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Tiny Bodies and Big Voices on the Virginia Bird and Wildlife Trail

An Eastern painted turtle spotted at Ivy Creek Natural Area.

By Blogger Meg Raynes

Photos by Meg Raynes

Have you ever heard the far-off chirping of frogs during spring? If you grew up in rural Virginia, I’m sure you know it well. These frogs are known as spring peepers, and they were the highlight of my visit to Scheier Natural Area.

An image of a chorus frog in algae infested waters

A chorus frog

Scheier Natural Area is located in Palmyra and falls under the Monticello & Rivanna Loop of the Virginia Bird and Wildlife Trail (VBWT), which is part of the Piedmont Region. It is worth noting that as you arrive, the parking lot will bring you to a series of trails while the man-made ponds that house the spring peepers are on the opposite side of Long Acre Road. I learned this the hard way by spending the first few hours of my visit exploring trails, wondering where the ponds were! That time, however, was not wasted. These trails are peaceful and easy to moderate for all levels, providing a source of stress relief just barely out of sight. Thankfully, as I followed the frog chorus (and took a tip from friendly passers-by) I found my way over to the source.

When you’ve only ever heard frogs chirping from miles away, the close-up sound is more than enough to send the mind into a state of awe. I could have stayed there for hours more, studying what I heard and getting lost in the nature of things (pun intended)! As I made my way down the path, I grew more and more excited. I reached a marshy area, followed by the first of several ponds. I was met by a variety of peeps, chirps, croaks, and clucks along with an assortment of tones and speeds. The path I chose to follow ended with the largest pond, which brought the noisiest frogs all competing with each other. What a treat to find myself in the midst of so many tiny bodies with big, bellowing voices.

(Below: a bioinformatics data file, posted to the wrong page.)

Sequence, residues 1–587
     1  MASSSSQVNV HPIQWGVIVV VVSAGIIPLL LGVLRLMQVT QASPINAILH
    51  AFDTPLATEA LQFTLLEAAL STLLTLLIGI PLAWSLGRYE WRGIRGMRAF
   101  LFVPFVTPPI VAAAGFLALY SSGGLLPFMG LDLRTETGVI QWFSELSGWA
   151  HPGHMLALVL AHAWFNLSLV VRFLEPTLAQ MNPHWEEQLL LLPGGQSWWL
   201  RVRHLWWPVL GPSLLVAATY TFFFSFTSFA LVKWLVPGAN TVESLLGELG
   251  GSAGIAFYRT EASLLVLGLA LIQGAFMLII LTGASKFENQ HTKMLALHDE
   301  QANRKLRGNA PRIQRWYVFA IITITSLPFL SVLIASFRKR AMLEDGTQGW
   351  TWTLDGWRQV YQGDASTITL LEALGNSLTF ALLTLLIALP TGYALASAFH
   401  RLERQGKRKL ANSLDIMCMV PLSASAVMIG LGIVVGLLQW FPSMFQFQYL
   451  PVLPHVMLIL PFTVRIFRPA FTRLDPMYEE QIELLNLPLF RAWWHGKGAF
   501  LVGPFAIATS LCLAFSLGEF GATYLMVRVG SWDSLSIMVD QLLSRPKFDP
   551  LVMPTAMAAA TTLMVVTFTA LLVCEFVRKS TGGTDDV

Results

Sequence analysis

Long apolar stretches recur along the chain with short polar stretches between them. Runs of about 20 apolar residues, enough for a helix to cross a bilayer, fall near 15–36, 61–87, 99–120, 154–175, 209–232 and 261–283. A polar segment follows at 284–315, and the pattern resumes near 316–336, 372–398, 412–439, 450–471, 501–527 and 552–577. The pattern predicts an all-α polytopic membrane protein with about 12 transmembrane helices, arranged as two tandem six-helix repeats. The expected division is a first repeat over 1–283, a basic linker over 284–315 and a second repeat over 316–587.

About 10 miles east of Scheier is Pleasant Grove Park. This park has two entrance points—one to the East and another to the West. My visit began on the Eastern side and included an exploration of the Fluvanna Heritage Trail as it follows alongside the Rivanna River, and a few of the side trails including River Bluff and Sandy Beach. These trails are perfect for avid bird-watchers. While stopped at Sandy Beach, I had the simple pleasure of watching woodpeckers, bluebirds, and cardinals dancing from tree to tree. Beware the muddy banks beside the river—I learned firsthand what happens when you’re paying more attention to birds than footing, and I am just glad that the worst thing to happen was a couple of mud-covered palms.

An image of an eastern bluebird perched in a tree

An Eastern bluebird

Finding my way down the heritage trail further along, I caught glimpses of a group of crows chasing a hawk on the opposite side of the river accompanied by many caws and squawks. As my mind wandered and my feet carried me along, I was startled by a couple of white-tailed deer who were just as startled to see me. We stopped only a moment for a quick greeting before they went on their way and I continued on mine.